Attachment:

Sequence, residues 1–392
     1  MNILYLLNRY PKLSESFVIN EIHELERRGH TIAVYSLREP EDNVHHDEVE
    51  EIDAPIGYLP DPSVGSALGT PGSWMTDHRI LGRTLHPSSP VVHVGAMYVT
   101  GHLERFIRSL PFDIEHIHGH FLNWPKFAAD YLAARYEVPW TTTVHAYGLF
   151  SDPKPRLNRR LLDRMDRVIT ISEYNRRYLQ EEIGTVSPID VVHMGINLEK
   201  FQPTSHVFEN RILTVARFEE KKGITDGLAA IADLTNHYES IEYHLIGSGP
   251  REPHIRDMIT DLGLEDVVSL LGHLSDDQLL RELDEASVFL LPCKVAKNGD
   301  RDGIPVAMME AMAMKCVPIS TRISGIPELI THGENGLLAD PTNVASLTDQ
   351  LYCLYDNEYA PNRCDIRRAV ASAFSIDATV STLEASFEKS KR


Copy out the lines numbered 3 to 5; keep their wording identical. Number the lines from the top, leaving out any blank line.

    51  EIDAPIGYLP DPSVGSALGT PGSWMTDHRI LGRTLHPSSP VVHVGAMYVT
   101  GHLERFIRSL PFDIEHIHGH FLNWPKFAAD YLAARYEVPW TTTVHAYGLF
   151  SDPKPRLNRR LLDRMDRVIT ISEYNRRYLQ EEIGTVSPID VVHMGINLEK